Finally, Plaintiff pleads facts from which, drawing all inferences in his favor, scienter can be strongly inferred. As discussed above, such an inference is proper where a plaintiff has alleged "facts to show that defendants had both the motive and opportunity to commit fraud." Goplen, 2006 WL 2801881, at *8 (internal quotations omitted). Here, both motive and opportunity are sufficiently alleged. It cannot be seriously contested that Defendants Bob Diamond and Ed Landau had the opportunity to commit the fraud, since they personally spoke the allegedly fraudulent statements. Moreover, Plaintiff alleges that Bob Diamond's sons received Xanboo stock at about the same time that Plaintiff was advised to relinquish his stock (SAC ¶ 34), implying that the stock reclaimed from Plaintiff was given to Bob Diamond's sons and thus establishing motive. In addition, reclaiming Plaintiff's stock with the intention of firing Plaintiff before he is able to use his new stock options would save money for a newly founded firm. (Id. ¶ 30.) Accordingly, the fraud allegations in the SAC meet the heightened pleading requirements of Rule 9(b) with respect to Bob Diamond and Ed Landau.

Turning, then, to the question of whether Diamond and Landau's fraud, as pled, can be attributed to RDI, the Court finds that it cannot. Plaintiff offers two theories under which RDI might be liable for the alleged fraud of Bob Diamond and Ed Landau. According to Plaintiff, liability might properly be assessed if: 1) Bob Diamond and Ed Landau were speaking on behalf of RDI, in their capacity as agents of RDI (see id. ¶ 32); or 2) Bob Diamond and Ed Landau were speaking on behalf of Xanboo, and Xanboo is an "alter ego" of RDI. (See id. ¶¶ 16, 26.) Both of these theories fail.

First, if Bob Diamond and Landau were speaking on RDI's behalf during the September 1999 meeting, Plaintiff has failed to adequately allege that RDI had the necessary scienter. As stated above, to adequately plead scienter, Plaintiff must provide facts creating a "strong inference," Goplen, 2006 WL 2801881, at *8, of "an intent to deceive, manipulate or defraud." Ganino, 228 F.3d at 168. This can be done by alleging either facts showing "both motive and opportunity to commit the fraud," or facts "constitut[ing] strong circumstantial evidence of conscious misbehavior." Goplen, 2006 WL 2801881, at *8.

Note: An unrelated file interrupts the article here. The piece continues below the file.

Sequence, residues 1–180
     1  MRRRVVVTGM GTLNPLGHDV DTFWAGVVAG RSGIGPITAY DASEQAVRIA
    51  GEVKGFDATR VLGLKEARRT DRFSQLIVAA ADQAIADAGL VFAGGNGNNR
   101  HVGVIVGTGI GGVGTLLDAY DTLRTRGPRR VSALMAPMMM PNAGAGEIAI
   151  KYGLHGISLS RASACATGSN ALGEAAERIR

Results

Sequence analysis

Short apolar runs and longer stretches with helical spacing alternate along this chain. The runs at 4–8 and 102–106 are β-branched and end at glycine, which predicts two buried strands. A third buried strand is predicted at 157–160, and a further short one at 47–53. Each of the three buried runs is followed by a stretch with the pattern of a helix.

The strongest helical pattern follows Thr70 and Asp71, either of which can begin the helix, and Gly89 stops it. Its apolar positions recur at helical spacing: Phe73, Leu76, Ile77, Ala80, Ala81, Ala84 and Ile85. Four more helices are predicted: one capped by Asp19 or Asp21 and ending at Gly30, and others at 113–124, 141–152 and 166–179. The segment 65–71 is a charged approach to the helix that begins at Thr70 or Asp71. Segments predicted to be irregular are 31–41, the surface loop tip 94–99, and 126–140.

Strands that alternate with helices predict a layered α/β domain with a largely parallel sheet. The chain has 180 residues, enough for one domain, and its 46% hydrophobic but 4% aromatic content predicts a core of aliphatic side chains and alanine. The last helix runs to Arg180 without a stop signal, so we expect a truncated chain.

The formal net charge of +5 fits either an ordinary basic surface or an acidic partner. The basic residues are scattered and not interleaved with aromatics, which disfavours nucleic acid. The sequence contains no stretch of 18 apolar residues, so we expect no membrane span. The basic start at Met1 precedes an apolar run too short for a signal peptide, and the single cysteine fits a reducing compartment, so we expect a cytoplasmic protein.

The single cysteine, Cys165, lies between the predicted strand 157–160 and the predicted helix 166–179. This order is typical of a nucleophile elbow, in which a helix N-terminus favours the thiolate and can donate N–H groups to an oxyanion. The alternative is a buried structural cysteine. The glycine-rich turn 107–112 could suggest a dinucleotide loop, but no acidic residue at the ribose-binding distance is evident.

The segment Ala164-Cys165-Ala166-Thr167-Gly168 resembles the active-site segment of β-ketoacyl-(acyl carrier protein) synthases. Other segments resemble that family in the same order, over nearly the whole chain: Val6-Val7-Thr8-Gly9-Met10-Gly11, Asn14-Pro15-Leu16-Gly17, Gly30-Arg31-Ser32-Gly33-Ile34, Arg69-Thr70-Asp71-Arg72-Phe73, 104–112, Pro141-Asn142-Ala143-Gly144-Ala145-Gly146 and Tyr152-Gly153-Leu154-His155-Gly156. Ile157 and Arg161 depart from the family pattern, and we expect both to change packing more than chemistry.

Plaintiff fails to plead the first method, as no possible motive for RDI to commit this fraud is given; there is no indication that Xanboo's recovery of one individual's stock, in exchange for ISOs, could have benefitted RDI. Plaintiff also fails to plead using the second method, since there is not "strong" evidence that RDI was the actor misbehaving, or that it was doing so consciously. RDI's only connections to this meeting are the alleged facts that, when the meeting took place, Plaintiff was an employee of both Xanboo and RDI (id. ¶¶ 9, 29) and Bob Diamond was a principal of RDI. (Id. ¶ 13.) These claims alone do not establish an agency relationship between RDI and the two individual Defendants connected to the alleged fraud. Indeed, elsewhere in the SAC it appears that either only Xanboo has employed Plaintiff, or that the alleged fraud invokes only Xanboo's, not RDI's, employment of Plaintiff. For example, the SAC alleges that Plaintiff was only given Xanboo stock "as part of his compensation package for employment with Xanboo." (Id. ¶ 30 (emphasis added).) When discussing the new employment contract that Plaintiff signed after exchanging his stocks for ISOs, Plaintiff only specifies that this contract prevents his termination from Xanboo. (Id. ¶ 35.) And when the SAC discusses Plaintiff's termination, it describes Plaintiff's "realiz[ation] . . . that his employment contract with Xanboo would not be adequately renewed." (Id. ¶ 37 (emphasis added).) Thus, even assuming, as alleged in the SAC, that Plaintiff has been employed by both Xanboo and RDI, Plaintiff has not sufficiently alleged that Diamond and Landau represented RDI -- and not solely Xanboo -- when they held the September 1999 meeting. On the contrary, Plaintiff's SAC specifically cites his dispute as concerning his Xanboo employment.